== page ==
It’s always unproductive (not to mention legally problematic in some jurisdictions) to label any specific existing group a ‘cult’. Rather than resort to name-calling, we should focus on identifying situational influences wherever they crop up, and avoid extreme ones altogether.

To help you identify a potential cult, the main features are listed in the next chapter, in contrast to mainstream groups that are less open to abuse. The difference is a matter of degree, and it’s best to err on the side of caution. The biggest mistake anyone can make is thinking they’re not vulnerable.

If a group clearly displays three or more cult features, it’s advisable to give it a miss. Deciding that a group is a cult is a decision you can make only for yourself, not for someone else. There is a degree of subjectivity to it, one person’s ‘cult’ is someone else’s ‘support group’. What we can do is educate others about the general features of cults, and let them connect the dots on their own.



1) Leaders demand unquestioning and unconditional obedience from members.

2) Leaders are not accountable to anyone else, their deliberations are secret.

3) The same leader has been running the group since it started, or leadership has passed to family or confidants.

4) Members who leave are harassed, or emotionally blackmailed.

5) Members are kept from forming relationships outside the group.

6) Leaders teach that non-members are morally suspect, unintelligent, or unenlightened.

7) Recruiting new group members is a mandatory activity, perhaps with a quota.

8) Members are required to spend most of their time on group activities.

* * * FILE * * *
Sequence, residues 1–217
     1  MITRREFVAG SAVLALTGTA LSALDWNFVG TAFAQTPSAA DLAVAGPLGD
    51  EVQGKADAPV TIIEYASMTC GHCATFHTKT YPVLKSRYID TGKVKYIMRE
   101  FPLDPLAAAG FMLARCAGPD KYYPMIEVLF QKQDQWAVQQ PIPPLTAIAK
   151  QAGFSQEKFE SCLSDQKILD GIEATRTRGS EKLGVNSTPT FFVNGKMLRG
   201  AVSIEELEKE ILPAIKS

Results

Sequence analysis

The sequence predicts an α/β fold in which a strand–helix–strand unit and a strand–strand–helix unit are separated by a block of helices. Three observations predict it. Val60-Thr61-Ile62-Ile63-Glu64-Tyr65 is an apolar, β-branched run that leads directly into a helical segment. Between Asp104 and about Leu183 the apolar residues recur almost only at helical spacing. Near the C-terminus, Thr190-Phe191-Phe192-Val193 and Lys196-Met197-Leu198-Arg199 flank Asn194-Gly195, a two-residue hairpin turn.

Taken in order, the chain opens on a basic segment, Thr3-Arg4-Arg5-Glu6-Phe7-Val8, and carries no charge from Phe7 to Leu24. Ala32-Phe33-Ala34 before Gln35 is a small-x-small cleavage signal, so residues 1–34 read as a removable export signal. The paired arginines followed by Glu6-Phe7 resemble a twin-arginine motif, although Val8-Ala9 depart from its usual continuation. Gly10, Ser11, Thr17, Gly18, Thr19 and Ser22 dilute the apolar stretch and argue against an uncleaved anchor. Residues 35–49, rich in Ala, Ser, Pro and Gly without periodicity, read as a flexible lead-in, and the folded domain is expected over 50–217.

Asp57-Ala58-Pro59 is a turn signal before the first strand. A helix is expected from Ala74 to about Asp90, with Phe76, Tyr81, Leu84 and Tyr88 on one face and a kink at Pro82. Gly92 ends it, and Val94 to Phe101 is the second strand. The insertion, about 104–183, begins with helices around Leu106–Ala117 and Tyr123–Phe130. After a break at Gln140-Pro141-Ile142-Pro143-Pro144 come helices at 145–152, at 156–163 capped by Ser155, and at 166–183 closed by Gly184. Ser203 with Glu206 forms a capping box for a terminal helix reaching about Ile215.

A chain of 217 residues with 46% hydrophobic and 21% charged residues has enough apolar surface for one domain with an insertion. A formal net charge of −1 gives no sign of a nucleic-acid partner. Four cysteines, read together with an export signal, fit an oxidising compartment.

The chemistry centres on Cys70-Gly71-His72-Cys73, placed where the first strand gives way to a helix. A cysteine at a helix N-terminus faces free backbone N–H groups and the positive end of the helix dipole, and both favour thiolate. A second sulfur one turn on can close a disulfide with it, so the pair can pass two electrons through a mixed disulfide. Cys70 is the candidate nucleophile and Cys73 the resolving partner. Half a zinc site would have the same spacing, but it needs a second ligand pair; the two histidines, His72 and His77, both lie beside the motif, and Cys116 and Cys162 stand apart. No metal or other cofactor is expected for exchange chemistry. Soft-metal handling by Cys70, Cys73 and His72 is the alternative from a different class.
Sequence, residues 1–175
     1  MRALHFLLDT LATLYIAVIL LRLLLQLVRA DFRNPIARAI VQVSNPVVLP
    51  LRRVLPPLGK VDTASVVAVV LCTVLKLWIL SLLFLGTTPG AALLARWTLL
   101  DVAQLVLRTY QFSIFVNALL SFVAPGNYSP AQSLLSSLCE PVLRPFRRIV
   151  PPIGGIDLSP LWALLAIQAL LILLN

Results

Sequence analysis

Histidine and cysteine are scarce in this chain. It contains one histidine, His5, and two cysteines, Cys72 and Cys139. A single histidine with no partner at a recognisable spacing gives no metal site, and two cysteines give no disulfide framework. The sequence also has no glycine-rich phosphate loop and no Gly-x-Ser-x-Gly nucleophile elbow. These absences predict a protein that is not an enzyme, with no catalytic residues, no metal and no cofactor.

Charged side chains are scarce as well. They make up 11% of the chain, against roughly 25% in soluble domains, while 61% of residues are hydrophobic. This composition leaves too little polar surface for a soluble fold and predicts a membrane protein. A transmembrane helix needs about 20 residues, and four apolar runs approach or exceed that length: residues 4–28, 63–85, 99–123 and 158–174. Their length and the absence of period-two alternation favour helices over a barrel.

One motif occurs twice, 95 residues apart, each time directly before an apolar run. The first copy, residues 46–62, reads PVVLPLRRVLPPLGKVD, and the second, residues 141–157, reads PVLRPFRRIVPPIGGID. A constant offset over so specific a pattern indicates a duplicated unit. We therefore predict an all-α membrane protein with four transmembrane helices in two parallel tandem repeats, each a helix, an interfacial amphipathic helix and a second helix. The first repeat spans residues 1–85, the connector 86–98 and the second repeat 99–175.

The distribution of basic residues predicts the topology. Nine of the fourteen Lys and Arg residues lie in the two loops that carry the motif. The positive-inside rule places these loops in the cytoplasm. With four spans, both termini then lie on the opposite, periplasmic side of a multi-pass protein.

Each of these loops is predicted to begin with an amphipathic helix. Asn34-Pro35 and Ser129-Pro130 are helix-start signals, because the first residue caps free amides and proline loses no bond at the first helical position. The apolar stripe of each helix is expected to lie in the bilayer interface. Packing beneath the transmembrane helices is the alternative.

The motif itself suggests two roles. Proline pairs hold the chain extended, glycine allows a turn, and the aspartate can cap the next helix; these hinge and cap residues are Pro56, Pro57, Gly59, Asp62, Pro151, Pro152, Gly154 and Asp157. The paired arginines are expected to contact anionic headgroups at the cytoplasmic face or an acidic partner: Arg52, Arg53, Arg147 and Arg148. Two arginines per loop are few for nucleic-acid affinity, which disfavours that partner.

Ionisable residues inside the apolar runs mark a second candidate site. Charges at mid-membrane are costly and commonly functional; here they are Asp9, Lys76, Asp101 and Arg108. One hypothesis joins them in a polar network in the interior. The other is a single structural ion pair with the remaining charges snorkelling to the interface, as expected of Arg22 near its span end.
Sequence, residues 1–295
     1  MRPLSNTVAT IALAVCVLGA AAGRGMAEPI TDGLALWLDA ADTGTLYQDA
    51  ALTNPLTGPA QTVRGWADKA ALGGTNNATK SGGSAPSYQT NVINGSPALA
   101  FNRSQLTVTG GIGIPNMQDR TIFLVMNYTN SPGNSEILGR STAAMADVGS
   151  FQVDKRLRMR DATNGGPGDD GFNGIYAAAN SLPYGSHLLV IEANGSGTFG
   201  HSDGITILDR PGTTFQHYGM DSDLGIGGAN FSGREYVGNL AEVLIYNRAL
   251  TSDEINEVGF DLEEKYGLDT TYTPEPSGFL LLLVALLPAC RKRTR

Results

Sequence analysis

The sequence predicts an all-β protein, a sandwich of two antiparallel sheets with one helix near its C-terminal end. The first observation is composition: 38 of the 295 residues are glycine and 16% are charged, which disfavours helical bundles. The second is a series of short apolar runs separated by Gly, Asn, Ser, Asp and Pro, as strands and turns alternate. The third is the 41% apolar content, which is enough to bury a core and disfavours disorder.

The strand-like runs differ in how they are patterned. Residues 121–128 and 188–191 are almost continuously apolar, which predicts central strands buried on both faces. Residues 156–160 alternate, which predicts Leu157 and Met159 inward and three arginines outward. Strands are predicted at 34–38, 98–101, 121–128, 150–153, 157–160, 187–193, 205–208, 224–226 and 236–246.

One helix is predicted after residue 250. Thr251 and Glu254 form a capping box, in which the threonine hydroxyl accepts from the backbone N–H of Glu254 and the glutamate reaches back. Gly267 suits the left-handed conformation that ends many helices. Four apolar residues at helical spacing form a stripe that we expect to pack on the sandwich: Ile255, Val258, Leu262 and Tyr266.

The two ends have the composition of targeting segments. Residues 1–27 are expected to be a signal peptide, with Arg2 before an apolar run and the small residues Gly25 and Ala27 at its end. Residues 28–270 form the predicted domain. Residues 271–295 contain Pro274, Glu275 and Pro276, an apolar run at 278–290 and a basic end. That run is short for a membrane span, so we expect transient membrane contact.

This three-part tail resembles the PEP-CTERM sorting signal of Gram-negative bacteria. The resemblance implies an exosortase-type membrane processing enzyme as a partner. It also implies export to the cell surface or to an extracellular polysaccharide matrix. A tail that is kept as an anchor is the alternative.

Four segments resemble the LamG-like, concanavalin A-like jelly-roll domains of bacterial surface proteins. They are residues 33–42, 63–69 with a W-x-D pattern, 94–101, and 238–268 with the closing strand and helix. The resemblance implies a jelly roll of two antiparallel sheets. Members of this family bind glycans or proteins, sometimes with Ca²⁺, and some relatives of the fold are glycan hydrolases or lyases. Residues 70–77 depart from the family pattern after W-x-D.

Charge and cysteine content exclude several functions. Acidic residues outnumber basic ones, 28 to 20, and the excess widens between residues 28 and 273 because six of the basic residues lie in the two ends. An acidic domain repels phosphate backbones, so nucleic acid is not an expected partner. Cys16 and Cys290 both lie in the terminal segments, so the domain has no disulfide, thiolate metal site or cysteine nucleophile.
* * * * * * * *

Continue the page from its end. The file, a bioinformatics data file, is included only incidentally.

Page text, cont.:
9) Members have to consult group leaders on even minor decisions.

10) Members have to give large sums of money to the group.

Non-Cult Groups:

I. Leadership is open to questioning and criticism from members, and takes account of their views.

II. There are checks on the abuse of power, through elections, external audits, or open meetings.

III. There have been several changes of leadership through established procedures.

IV. Members are free to leave the group without undue pressure to return.

V. Members are free to mix with family and friends outside the group.

VI. Non-members are not viewed with suspicion, condescension, or hostility.

VII. Members are not required to recruit others.

VIII. The group’s activities leave time for work, family, and a social life outside the group.

IX. Members make their own decisions, guided by broad principles.

X. The group does not demand large donations from members.

This is a partial preview. Get the ebook at Lulu © 2021 Ben Gibran (all rights reserved)

Disclaimer: The contents of this work are solely the personal opinion of the author and are not intended to be a substitute for expert advice, counselling, therapy or treatment of any kind. The author assumes no responsibility for errors, omissions or contrary interpretations of the content or any works cited herein. There is no guarantee of validity or accuracy. Any perceived slight of specific persons or organizations is unintentional. If expert advice or counselling is needed, services of a competent professional should be sought. The author assumes no responsibility or liability and specifically disclaims any warranty, express or implied for any techniques or practices described herein. The reader of this work assumes responsibility for the use of these materials and information.


Ben Gibran writes on the social science of communication. His work has appeared in Essays in Philosophy, Journal of Publishing, Publishing Research Quarterly, Ethical Space: The International Journal of Communication Ethics, The Philosopher, Science and Philosophy, The Innovation, Invisible Pillar, Curious, Environmental Ideas, the Washington Examiner, and Straits Times; and has been cited in American Literary History, Foreign Policy Analysis, ISOJ: The Official Research Journal of the International Symposium on Online Journalism, and TXT: Exploring the Boundaries of the Book. Ben holds an MA (1st Class Honors) from the School of Culture and Communication at the University of Melbourne, and a BA (Honors) in Philosophy from the University of Leeds, where he was a Tetley and Lupton Scholar.

Ben writes on the theory and social science of communication, and anything else that comes to mind